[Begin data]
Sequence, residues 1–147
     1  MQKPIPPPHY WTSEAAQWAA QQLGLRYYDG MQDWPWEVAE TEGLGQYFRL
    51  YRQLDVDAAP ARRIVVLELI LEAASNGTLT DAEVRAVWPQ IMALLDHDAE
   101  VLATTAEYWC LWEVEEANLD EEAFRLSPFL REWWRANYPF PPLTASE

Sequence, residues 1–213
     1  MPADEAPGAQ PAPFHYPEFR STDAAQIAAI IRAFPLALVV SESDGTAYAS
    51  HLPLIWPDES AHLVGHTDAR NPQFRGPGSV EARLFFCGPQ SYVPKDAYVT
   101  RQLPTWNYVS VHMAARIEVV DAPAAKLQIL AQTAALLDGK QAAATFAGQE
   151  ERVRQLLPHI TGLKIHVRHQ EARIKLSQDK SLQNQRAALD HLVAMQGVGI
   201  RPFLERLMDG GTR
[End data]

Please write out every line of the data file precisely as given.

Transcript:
Sequence, residues 1–147
     1  MQKPIPPPHY WTSEAAQWAA QQLGLRYYDG MQDWPWEVAE TEGLGQYFRL
    51  YRQLDVDAAP ARRIVVLELI LEAASNGTLT DAEVRAVWPQ IMALLDHDAE
   101  VLATTAEYWC LWEVEEANLD EEAFRLSPFL REWWRANYPF PPLTASE

Sequence, residues 1–213
     1  MPADEAPGAQ PAPFHYPEFR STDAAQIAAI IRAFPLALVV SESDGTAYAS
    51  HLPLIWPDES AHLVGHTDAR NPQFRGPGSV EARLFFCGPQ SYVPKDAYVT
   101  RQLPTWNYVS VHMAARIEVV DAPAAKLQIL AQTAALLDGK QAAATFAGQE
   151  ERVRQLLPHI TGLKIHVRHQ EARIKLSQDK SLQNQRAALD HLVAMQGVGI
   201  RPFLERLMDG GTR